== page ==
Our “Contact Us” page is filled with bootstrap functionality:

Hero Unit:
A lightweight, flexible component to showcase key content on your site. It works well on marketing and content-heavy sites.
Bootstrap Forms:
Individual form controls receive styling, but without any required base class on the < form > or large changes in markup. This results in stacked, left-aligned labels on top of form controls. Bootstrap doesn’t supply form functionality as much as it nearly perfects the User Experience or UX. Valuable hover states and built in validation are a huge help when coding a site.
Bootstrap icons:
140 icons in sprite form, available in dark gray (default) and white, provided by Glyphicons. If you need a bit more functionality you could also use the incredible Icon Fonts provided by Font Awesome
Well:
Control padding and rounded corners with two optional modifier classes (“well-large and well-small”).
Bootstrap Buttons:
Button styles can be applied to anything with the .btn class applied. However, typically you’ll want to apply these to only “a” and “<button>” elements for best rendering

Thanks for checking out our tutorial on how to get the most out of Bootstrap for your website. We have some exciting Bootstrap-related projects coming up here at Untame so stay tuned for future updates!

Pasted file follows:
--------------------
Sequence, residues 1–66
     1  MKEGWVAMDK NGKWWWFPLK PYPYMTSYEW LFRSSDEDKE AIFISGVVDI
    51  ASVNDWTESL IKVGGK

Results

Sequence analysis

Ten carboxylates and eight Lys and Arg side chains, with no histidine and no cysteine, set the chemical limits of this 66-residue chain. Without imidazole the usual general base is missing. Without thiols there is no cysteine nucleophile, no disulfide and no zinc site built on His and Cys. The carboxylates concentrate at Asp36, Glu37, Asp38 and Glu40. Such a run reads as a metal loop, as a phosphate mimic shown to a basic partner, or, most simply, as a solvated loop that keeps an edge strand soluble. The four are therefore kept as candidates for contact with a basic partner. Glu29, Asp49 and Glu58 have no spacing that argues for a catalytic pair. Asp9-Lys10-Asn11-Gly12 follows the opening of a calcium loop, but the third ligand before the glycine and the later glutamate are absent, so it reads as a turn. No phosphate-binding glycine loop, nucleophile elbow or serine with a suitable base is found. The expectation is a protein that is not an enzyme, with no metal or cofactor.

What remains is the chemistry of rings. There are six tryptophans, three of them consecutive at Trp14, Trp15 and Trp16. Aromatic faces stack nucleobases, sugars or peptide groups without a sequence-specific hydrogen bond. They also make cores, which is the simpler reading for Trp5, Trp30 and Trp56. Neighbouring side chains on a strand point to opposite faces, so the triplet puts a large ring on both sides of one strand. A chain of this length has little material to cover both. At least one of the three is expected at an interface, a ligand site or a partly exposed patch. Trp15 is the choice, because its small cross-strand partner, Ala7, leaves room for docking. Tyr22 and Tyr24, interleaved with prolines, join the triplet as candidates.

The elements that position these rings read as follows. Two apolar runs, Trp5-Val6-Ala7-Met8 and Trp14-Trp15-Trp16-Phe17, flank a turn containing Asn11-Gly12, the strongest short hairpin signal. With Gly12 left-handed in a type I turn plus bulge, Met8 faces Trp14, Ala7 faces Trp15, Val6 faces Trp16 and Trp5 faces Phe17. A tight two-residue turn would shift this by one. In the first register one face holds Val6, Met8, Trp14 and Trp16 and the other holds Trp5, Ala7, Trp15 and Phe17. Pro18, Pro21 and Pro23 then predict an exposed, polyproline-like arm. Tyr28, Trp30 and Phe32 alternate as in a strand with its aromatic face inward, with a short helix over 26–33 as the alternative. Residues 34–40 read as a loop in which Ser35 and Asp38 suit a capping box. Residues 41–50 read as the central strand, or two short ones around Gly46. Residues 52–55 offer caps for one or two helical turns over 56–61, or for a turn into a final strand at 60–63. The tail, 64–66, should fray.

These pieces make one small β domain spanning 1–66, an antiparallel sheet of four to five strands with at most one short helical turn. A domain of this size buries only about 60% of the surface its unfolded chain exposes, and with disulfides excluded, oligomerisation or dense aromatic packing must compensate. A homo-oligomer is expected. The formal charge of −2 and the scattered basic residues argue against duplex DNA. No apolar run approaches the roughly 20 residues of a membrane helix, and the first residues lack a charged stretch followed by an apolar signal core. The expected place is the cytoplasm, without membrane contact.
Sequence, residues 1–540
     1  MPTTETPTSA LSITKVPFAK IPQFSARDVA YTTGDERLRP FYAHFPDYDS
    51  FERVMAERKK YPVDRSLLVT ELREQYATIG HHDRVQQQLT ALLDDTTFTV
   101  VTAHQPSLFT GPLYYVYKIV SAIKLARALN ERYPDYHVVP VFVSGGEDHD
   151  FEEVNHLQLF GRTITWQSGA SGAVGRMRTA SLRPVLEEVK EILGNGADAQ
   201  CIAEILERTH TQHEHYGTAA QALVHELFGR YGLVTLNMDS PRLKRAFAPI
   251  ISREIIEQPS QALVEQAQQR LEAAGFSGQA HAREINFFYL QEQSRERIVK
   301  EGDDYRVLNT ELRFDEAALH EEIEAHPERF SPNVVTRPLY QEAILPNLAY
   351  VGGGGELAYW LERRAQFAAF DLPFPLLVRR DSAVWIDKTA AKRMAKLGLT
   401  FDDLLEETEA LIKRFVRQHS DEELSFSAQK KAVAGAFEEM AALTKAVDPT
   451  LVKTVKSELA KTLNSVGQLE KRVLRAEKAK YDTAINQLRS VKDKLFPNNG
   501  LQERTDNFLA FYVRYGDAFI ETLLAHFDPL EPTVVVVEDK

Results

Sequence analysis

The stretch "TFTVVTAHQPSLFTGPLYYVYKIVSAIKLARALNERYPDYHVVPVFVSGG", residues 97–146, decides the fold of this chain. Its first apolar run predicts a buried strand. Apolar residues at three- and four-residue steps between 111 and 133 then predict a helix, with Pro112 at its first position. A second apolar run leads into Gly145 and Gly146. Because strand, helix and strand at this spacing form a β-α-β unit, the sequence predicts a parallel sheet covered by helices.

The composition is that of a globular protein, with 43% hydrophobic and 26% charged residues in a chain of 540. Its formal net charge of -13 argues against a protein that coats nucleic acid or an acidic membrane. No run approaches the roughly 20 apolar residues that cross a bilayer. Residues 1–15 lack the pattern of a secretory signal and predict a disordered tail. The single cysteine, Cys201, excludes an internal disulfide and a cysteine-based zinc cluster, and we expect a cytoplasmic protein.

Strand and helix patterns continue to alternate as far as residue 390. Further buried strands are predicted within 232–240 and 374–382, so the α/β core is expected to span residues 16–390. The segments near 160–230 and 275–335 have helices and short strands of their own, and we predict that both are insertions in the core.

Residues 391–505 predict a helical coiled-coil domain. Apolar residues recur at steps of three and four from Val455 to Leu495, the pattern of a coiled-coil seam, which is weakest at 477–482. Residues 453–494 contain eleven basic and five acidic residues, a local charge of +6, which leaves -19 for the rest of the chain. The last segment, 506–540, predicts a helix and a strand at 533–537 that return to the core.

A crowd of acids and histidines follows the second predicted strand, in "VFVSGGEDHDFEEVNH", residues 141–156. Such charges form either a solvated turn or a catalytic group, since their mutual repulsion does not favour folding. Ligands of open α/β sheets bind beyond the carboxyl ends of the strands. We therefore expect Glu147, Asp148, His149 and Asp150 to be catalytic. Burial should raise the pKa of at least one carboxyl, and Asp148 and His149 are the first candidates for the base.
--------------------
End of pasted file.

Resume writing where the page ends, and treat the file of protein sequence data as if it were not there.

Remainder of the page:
Top 10 Responsive Design Tips and Tricks

Posted by | Design, Showcase, Tutorial, Twitter Bootstrap | No Comments

Responsive design is changing how we view the web, literally! Whether you are getting started with responsive design or are a seasoned responsive pro we have a few tips that just might help with your next mobile project.

Choose A Great Framework


When beginning a responsive design, it is important to start with the selection of a solid foundation. Since the framework will inherently inform many design elements, you will want to carefully consider your needs. Will you choose a bare bones framework like Skeleton? Or does the scope of the project that you are working on require something with a bit more meat to it like Twitter Bootstrap or Zurb Foundation?

If you would like to know more about Bootstrap and Skeleton we have covered them several times in the past.

Minify Your Scripts & Stylesheets